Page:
Activity Tax Credits, Mommies and What About Seniors too?
I am all for activity tax credits and fitness tax credits and anything that keeps kids active and fit and healthy. I can back that any day and, in fact, I would. I spend well over the $500 a year allowed by the federal fitness tax credit each year – $1,000 for a disabled child. I have some extremely active children and they need a lot of martial arts/ basketball/ swimming/ skating/ music/ drama etc. I claim every year the maximum I can and I tell every new parent I know to take advantage of the federal credit. It makes sense. A mere $500 per family to potentially improve the health of future generations and defray health care costs. It is federal money well spent. I was saddened and slightly bruised by the hit to my pocket book with the introduction of the provincial HST earlier this year. Oh I know how they report it’s better for all of us in the end and blah blah blah. Still I have some trouble swallowing that bitter pill. Mommy was expecting all education talk all month long from Ontario Premier Dalton McGuinty and instead she got the news of this activity tax credit. The proposed – and it is just a proposed credit – pre-election trial balloons if you will – would see $50 more in my wallet for each child. That makes me happy. Because frankly nothing else is coming down in price. The grocery store isn’t giving milk and bread away. Anything that increases likelihood of more children participating in sport, children of all ages, abilities, sizes, incomes, backgrounds and etcetera, is good for everyone. I recall too well being unable to afford much in way of sports or dance or any other lessons as a child. It was not in the budget for a single mom. And frankly another $50 is a start, but I think we need look at the other various obstacles to participation for young people and families living below the poverty line. I mean even if we had been able to afford a sport back 30 years ago I don’t know when my single parent would have found time in her working life, unsupported by family or friends to have taken us physically to a lesson. I am still not sure if today I would be any further ahead with an activity credit versus the HST. It seems a little bit give with one hand and take with the other. But, Maybe my smart math gal pal Lee-Ann can crunch the numbers for me on this and let me know what she thinks. I sense she may say I would have been better off financially, pre-HST without my $50. And while I am ranting there’s a little something my Mom has been grumping about for awhile and really it makes some sense to me too. If you’re going to do the children’s fitness tax credit, might the feds and/ or the province also look at a senior’s fitness tax credit. It seems Mom might be right on this one. For the last 10 years she’s been marching off to the athletic club trying to maintain somewhat of an upperhand over osteoporosis and arthritis. You can easily make the same argument that fit seniors are healthy seniors and, less of a burden on health care. Good health is its own reward, you say? True enough I suppose. But why not a little good faith here too. Seniors, last I checked, vote too.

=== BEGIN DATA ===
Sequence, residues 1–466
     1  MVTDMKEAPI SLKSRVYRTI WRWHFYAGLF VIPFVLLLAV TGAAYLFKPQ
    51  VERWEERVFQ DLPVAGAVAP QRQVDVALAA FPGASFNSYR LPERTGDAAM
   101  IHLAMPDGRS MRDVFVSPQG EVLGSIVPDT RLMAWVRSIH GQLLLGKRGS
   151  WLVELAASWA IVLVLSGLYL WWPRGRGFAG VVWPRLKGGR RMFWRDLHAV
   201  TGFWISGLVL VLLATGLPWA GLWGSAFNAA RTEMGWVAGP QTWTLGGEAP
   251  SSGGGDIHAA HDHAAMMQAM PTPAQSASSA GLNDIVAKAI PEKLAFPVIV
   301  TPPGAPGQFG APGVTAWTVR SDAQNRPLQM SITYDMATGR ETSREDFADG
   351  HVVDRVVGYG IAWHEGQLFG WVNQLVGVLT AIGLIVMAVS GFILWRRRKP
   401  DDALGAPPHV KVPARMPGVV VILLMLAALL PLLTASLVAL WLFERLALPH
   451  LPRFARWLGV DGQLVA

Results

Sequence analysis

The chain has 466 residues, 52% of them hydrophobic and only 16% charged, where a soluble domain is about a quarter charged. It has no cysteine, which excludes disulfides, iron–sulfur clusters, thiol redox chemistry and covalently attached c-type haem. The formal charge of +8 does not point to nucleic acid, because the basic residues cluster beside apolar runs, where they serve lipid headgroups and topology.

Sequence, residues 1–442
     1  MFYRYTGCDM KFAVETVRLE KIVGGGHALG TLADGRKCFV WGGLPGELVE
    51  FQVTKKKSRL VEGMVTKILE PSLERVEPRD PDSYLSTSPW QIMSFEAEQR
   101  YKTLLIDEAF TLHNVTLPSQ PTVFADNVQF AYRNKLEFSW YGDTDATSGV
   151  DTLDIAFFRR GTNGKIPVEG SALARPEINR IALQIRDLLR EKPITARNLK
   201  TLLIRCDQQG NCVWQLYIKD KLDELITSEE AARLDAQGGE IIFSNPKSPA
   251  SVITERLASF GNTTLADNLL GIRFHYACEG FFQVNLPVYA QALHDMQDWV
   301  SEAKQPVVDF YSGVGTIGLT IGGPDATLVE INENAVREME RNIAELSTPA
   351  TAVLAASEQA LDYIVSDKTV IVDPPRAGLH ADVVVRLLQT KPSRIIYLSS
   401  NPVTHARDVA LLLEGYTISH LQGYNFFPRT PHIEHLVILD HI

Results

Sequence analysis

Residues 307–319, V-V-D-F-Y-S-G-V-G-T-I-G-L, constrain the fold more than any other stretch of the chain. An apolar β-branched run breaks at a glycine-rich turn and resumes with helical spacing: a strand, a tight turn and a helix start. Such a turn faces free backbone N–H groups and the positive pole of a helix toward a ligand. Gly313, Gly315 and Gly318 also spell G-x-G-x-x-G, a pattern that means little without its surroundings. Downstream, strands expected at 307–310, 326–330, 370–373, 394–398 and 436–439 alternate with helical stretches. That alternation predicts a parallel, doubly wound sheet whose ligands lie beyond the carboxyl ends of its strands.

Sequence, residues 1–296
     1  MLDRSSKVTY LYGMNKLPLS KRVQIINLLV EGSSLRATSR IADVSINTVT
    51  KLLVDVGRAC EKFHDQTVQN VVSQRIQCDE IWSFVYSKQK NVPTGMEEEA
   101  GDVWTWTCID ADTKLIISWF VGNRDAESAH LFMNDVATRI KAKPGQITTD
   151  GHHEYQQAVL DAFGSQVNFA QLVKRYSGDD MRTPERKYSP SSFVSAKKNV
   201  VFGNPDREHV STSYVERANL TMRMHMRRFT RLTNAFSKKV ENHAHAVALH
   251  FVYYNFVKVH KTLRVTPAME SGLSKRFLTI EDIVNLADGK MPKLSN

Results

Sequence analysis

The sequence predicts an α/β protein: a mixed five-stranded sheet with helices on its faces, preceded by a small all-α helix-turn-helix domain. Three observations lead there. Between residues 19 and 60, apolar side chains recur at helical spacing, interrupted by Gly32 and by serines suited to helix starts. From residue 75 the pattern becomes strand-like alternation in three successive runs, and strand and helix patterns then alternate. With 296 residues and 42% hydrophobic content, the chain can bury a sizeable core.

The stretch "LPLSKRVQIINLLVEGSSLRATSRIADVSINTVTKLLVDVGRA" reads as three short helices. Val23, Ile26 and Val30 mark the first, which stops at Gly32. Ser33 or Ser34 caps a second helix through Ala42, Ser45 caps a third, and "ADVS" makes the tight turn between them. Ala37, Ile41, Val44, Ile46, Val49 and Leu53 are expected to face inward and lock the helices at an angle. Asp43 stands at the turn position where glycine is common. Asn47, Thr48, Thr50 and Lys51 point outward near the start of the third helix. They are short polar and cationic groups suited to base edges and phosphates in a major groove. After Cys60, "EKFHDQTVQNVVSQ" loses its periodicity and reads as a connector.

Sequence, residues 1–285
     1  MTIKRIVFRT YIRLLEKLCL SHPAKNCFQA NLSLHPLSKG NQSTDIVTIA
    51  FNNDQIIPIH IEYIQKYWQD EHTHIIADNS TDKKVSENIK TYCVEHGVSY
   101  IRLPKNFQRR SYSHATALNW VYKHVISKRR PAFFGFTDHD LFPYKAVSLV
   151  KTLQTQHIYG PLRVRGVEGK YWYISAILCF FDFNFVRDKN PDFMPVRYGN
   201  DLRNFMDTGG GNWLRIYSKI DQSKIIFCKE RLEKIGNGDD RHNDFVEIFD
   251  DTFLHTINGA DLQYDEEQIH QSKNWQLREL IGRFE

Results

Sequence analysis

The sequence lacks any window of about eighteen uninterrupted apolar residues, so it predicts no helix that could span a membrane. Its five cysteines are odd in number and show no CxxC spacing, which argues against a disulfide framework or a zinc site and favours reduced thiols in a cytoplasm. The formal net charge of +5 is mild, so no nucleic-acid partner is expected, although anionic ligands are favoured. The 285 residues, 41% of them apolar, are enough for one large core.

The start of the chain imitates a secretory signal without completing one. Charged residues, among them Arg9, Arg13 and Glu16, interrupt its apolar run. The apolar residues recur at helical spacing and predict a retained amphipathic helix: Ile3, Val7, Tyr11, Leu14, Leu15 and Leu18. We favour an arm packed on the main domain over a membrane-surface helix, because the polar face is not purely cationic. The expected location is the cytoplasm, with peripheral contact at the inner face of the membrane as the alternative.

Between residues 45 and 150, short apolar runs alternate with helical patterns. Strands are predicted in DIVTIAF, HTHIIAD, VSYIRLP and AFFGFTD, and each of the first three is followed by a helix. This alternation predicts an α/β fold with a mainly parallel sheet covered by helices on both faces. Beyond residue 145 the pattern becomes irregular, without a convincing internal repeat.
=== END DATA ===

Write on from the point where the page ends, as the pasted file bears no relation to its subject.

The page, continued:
Thanks Paula! I’ll get right on crunching those numbers for you. However, on first glance I suspect you’re right.
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